Hand-Foot-and-Mouth Disease

What is hand-foot-and-mouth disease?

Hand-foot-and-mouth disease is an illness caused by a virus that results in a distinctive rash. It causes small, blister like bumps in the mouth, and a rash on the palms of the hands and feet. The rash may also appear in the diaper area and on the legs and arms. The lesions in the mouth usually appear at the back of the throat.

What causes hand-foot-and-mouth disease?

Hand-foot-and-mouth disease is caused by a virus. The most common viruses that cause it  include:

  • Coxsackievirus A16

  • Enterovirus A71

This disease is very common in children, particularly those younger than age 10. It is seen most often in the summer and fall. The virus is usually spread through fecal-oral contact, although other modes of transmission have been reported. Good hand-washing is key to help prevent the spread of the disease.

What are the signs and symptoms of hand-foot-and-mouth disease?

The following are the most common symptoms of hand-foot-and-mouth disease:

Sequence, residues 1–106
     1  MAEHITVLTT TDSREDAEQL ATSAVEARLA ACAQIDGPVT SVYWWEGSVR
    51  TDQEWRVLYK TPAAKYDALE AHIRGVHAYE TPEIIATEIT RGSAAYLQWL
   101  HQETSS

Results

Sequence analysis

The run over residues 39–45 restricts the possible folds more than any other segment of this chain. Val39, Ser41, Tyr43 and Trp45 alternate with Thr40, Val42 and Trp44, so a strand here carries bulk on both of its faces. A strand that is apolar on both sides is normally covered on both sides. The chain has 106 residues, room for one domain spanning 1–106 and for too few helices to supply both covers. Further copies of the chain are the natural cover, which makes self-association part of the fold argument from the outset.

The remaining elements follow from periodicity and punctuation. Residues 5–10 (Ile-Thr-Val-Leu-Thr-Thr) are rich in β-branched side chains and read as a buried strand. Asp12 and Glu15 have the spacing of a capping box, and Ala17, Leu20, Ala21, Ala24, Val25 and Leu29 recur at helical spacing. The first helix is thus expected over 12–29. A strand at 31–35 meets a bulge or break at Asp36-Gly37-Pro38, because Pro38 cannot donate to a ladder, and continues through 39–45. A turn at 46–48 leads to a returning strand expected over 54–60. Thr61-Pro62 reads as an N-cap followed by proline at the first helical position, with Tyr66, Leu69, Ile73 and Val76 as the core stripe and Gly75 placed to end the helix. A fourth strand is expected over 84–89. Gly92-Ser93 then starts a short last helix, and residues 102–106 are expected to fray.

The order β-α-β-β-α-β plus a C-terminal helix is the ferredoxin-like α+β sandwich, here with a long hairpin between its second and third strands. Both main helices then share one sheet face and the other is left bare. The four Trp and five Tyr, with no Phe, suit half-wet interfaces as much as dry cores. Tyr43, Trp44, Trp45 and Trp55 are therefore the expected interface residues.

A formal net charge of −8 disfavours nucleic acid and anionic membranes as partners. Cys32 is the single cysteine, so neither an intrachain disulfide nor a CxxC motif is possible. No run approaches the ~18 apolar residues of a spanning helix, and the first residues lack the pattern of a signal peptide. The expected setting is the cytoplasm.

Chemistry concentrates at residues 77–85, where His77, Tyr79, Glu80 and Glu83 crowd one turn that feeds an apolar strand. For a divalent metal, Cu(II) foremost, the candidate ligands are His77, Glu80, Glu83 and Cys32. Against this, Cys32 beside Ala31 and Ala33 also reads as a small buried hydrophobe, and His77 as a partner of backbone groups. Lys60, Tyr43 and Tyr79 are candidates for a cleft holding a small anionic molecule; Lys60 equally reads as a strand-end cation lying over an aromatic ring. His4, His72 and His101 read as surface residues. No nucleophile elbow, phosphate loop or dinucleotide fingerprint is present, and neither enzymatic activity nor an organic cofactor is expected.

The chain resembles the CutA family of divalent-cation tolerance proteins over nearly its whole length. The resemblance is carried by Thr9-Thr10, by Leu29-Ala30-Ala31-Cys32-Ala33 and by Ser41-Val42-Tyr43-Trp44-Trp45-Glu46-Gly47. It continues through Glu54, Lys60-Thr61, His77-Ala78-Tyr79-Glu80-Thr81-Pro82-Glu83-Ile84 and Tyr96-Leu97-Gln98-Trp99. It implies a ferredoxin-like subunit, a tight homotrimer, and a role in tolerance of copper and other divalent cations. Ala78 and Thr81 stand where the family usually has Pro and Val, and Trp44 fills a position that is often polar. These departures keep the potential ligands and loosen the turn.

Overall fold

• Blister like bumps in the mouth (usually near the throat and tonsils)

  • Small blisters on the palms of the hands, soles of the feet, and the diaper area, and rash on the arms and legs.

  • Fever

  • Lack of appetite and generally not feeling well

How is hand-foot-and-mouth disease diagnosed?

Hand-foot-and-mouth disease is usually diagnosed based on a history and physical exam of your child. The rash and mouth blisters of hand-foot-and-mouth disease are unique, and usually allow for a diagnosis simply on physical exam. Depending upon how severe the symptoms are, a throat or stool culture could be sent to the lab for testing.

What is the treatment for hand-foot-and-mouth disease?

The goal of treatment for hand-foot-and-mouth disease is to help manage symptoms. Since it is caused by a virus, antibiotics are not effective. Expect symptoms of the disease to resolve within a week. The treatment of symptoms may include :

  • Increased fluid intake to prevent dehydration--provide cool, iced fluids in small amounts frequently

  • Acetaminophen or ibuprofen for fever or pain

  • Anesthetic mouth rinses or sprays may be used to help lessen the mouth pain but ask your child's healthcare provider first. Don't use regular mouthwash as it may sting.

Proper hand-washing is essential in helping to prevent the disease from being spread to other children. Cleaning contaminated surfaces with sanitizers and disinfectants will help. Avoid close contact with infected people. An infected person can still transmit viruses for 1 to 2 weeks after he or she no longer has symptoms.